Anarchist Community Building in the Caribbean: How Countercultural Politics and Transnational Networks Shaped a Regional Radical Identity in the Early 20th Century

Saturday, January 5, 2019: 1:30 PM
Grant Park Parlor (Palmer House Hilton)
Kirwin Shaffer, Penn State Berks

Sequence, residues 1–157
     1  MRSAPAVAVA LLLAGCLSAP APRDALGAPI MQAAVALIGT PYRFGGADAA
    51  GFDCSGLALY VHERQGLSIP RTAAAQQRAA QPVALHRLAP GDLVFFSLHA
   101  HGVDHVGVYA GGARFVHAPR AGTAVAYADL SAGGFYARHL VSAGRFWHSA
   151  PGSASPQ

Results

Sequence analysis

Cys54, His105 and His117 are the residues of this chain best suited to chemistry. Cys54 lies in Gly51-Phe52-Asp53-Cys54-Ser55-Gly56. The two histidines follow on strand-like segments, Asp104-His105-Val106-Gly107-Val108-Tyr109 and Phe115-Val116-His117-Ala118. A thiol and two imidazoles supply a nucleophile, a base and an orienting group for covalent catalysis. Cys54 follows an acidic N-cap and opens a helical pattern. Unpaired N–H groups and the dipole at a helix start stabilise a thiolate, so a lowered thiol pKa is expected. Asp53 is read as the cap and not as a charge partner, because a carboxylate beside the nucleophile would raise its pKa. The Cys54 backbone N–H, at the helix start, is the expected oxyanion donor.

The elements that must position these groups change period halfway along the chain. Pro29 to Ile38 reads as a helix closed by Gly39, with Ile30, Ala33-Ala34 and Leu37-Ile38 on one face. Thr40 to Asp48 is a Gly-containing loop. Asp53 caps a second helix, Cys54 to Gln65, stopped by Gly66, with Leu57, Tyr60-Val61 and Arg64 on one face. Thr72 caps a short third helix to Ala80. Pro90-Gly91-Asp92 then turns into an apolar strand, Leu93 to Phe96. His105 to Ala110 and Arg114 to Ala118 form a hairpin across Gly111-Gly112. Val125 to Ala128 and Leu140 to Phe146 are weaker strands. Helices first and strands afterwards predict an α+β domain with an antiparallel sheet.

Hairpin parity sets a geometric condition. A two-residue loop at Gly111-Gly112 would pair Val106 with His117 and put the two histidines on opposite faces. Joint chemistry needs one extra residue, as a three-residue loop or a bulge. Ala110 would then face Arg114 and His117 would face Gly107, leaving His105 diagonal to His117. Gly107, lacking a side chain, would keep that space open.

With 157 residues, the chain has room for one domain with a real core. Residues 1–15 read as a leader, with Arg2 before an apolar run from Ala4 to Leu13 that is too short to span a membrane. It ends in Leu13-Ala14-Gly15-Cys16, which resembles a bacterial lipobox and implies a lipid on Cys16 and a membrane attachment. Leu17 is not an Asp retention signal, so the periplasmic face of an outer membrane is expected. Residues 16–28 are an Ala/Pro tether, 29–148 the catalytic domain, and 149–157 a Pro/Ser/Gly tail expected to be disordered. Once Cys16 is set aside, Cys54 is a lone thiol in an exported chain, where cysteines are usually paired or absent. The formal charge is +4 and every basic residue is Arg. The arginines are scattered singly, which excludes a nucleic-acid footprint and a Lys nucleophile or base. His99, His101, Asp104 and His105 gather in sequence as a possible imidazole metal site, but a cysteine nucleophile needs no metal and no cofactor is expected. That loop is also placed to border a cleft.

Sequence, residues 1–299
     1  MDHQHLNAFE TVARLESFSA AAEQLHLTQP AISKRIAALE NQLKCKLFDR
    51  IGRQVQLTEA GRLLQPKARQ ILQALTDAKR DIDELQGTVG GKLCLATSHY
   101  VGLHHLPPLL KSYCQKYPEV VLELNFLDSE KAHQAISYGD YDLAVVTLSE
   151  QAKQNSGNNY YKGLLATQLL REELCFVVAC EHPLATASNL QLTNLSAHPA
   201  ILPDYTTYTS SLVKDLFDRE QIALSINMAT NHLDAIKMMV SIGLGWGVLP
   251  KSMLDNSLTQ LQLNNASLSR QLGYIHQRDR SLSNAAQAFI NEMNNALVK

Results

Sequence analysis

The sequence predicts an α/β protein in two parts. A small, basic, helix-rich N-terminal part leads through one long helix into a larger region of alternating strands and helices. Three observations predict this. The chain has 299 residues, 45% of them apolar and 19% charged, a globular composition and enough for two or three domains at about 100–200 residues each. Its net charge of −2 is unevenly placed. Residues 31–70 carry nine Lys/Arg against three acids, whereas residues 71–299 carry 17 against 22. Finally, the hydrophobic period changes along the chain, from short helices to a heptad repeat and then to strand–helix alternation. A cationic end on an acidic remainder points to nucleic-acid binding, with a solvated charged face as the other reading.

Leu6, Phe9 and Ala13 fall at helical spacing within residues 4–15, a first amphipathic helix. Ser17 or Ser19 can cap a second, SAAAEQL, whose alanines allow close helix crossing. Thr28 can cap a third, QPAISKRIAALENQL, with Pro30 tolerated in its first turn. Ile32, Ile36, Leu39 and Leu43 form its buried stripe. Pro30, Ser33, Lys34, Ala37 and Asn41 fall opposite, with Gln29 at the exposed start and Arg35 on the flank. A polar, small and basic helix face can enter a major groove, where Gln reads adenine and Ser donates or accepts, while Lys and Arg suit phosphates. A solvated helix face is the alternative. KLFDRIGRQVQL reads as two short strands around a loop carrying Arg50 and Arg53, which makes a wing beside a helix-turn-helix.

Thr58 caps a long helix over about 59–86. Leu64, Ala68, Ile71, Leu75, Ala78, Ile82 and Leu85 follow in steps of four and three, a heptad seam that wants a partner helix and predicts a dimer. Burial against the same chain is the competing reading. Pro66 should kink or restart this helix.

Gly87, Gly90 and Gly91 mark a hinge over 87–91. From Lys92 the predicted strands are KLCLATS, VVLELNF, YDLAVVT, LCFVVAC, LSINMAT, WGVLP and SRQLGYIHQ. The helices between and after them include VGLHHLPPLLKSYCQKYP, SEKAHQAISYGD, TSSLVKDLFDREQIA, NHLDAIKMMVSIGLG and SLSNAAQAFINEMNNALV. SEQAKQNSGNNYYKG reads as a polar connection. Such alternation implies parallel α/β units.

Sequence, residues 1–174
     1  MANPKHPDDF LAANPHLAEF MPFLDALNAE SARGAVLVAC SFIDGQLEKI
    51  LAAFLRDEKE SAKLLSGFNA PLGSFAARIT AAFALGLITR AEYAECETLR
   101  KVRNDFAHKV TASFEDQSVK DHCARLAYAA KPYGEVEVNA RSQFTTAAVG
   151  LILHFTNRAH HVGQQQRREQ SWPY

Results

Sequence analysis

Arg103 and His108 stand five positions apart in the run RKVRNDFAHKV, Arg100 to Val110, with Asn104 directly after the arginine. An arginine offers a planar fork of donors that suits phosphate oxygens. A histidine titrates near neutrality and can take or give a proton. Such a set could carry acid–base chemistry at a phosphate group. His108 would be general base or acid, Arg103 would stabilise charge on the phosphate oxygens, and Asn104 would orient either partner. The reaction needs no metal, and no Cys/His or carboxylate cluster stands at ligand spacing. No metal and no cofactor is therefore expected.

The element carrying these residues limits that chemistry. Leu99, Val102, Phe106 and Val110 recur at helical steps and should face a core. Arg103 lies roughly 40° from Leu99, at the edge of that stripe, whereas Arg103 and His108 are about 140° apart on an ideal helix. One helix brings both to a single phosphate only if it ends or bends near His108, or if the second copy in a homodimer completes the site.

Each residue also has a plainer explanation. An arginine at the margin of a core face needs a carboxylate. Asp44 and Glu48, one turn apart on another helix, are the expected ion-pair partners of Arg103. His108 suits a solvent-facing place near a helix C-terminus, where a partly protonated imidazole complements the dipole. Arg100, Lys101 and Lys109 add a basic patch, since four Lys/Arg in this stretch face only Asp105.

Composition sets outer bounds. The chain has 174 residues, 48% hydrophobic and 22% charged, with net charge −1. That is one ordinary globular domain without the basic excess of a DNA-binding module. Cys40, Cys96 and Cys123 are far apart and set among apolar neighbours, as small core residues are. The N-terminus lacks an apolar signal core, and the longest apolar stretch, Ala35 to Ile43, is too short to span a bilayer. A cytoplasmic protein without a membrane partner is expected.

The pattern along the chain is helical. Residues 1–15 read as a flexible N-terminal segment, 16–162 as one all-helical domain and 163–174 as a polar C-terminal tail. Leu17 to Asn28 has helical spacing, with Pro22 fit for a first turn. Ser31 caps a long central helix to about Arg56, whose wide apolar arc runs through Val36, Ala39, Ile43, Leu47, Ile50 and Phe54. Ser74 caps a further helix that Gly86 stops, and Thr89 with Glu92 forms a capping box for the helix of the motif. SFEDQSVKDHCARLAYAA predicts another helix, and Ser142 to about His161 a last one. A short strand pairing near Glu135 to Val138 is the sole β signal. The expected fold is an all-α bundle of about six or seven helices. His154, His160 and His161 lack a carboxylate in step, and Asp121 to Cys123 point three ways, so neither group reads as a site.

From the early 1890s to the mid-1920s, anarchists in the Caribbean organized to challenge the ‘unholy quaternity’ of states-capital-religion-imperialism with the goal of creating a human society based on what many viewed as the natural order of equality and freedom—a natural order that had been ‘unmade’ by the authoritarianism rooted in the unholy quaternity. Anarchist individuals, groups, newspapers, and literature emerged throughout the Caribbean Basin in southern Florida, Puerto Rico, the Yucatán Peninsula of Mexico, Panama and the Panama Canal, and especially in Cuba. Havana became the central hub of a network that linked these regional nodes, as well as the regional hub that linked anarchists to other networks stretching across the Atlantic to Spain and along the US east coast to New York City. The network saw the transfer of anarchists themselves as they migrated from node to node, but the network also saw the transfer of newspapers, correspondence, money, literary works—all of which expressed a countercultural identity that challenged the reigning paradigms of democratic politics, capitalism, religious orthodoxy, and the ever-expanding presence of US political, military, and economic power. The paper utilizes anarchist newspapers and cultural productions like fiction, plays, and poems to illustrate how the transfer of countercultural politics between the Caribbean network nodes (often though not exclusively originating in Havana) helped to create a regional anarchist community that shared ideas, ideologies, experiences of repression, and goals for the future.
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